February 6, 2022
Liz Podominick joins USA Basketball with a unique perspective
The former Olympic alternate in track and field is now the assistant director for the U.S. women's basketball program
Basketball fans might remember Liz Podominick from Minnesota’s run to the 2004 NCAA Final Four. Track and field fans may recall her accomplished career as a discus thrower that peaked with a World Championship appearance. After a decade working in different capacities with other U.S. Olympic sports, Podominick is back with hoops, recently being named assistant director for the U.S. women’s basketball program.
“My main thing is to help the national team and Briana and make sure they stay No. 1 in the world,” Podominick said, referring to Briana Weiss, who succeeded Carol Callan as national team director back in October. “Briana has been amazing getting me acclimated.”
Podominick spent the past four years with USA Boxing, most recently as a high performance manager, saying it was a “great experience, but [I’m] ready for a change.” Once she saw a posting with USA Basketball, she applied, referring to it as “the gold standard and such an honor.” Her new responsibilities range from preparing for training camps and organizing flights and hotels to simply getting water for the players on the bench.
“As a former athlete, I know what they need,” she added. “It’s not glamorous work, but someone needs to do it. Because I have worked with different sports, I have seen that the beauty of sports is that there are so many commonalities, but each is unique. Because I have seen a unique perspective, I can anticipate needs.”
Podominick was a 6’2 freshman post player on the 2004 Golden Gophers team that advanced to the Final Four as a No. 7 seed. With Lindsay Whalen (currently on the Hall of Fame ballot in her first year of eligibility) at the point, Minnesota upset UCLA, Kansas State, Boston College and Duke before running into Diana Taurasi’s UConn team in the national semifinal.
“That was a whirlwind,” said Podominick, who is from Lakeville, Minnesota. “It was quite a season, still trying to find your ground. Lindsay Whalen was hurt in the Big Ten Tournament, resulting in the lower [NCAA Tournament] seed, but she was a great leader and still is.”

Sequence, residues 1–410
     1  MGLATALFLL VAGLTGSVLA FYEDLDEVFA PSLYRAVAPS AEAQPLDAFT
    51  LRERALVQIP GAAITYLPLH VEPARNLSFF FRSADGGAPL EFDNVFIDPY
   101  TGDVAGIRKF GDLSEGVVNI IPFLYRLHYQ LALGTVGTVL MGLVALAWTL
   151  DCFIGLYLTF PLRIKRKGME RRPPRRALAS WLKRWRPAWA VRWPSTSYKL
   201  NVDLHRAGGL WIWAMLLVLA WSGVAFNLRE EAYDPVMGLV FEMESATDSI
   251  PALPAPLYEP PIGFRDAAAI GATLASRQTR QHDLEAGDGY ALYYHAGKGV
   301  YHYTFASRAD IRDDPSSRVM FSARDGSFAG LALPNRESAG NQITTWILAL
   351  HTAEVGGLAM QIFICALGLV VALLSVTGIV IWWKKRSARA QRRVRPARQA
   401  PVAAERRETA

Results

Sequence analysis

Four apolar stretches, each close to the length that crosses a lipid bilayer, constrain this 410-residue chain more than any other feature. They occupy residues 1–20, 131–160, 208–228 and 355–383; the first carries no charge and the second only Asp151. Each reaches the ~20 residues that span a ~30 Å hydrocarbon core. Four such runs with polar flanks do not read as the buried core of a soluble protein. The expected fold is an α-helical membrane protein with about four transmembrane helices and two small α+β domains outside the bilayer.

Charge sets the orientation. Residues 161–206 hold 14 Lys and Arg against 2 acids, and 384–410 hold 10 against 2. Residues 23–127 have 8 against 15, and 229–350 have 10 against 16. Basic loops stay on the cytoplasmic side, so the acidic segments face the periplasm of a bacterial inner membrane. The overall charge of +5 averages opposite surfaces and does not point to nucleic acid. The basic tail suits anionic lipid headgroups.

Podominick continued to play basketball for NCAA Tournament Minnesota teams in 2005 and 2006, but she really stood out throwing the discus and shot put for the Gophers and collected Big Ten titles in each. She threw at the U.S. Championships several times, earning a spot in discus on the 2013 World Championship team that competed at Luzhniki Stadium in Moscow, Russia. She was also the alternate for the 2016 Rio Olympics in discus.
“Moscow was my first international [competition] as a track athlete,” she said. “It was a lot to take in, just to be in a different country, such an eye-opening experience. There were so many athletes, and I developed great friendships that even led to standing up in their weddings.”
Podominick also worked with U.S. Figure Skating from 2010 to 2012 in various positions before electing to focus on her own Olympic aspirations. Now she will work with a program that expects not only to play in the Olympics, but to win the gold medal.
“My No. 1 goal is to figure out the best way to help the team and help out the pipelines of the future,” Podominick concluded.
The U.S. team will host Puerto Rico and Belgium in FIBA World Cup Qualifiers Feb. 10-12, although the U.S. has already secured its spot at this September’s World Cup in Sydney, Australia, after winning the Olympic gold medal.
Written by Scott Mammoser
Scott Mammoser has covered major international events for FIBA, the ISU and World Athletics. He has been to six Olympics and traveled to more than 70 countries.
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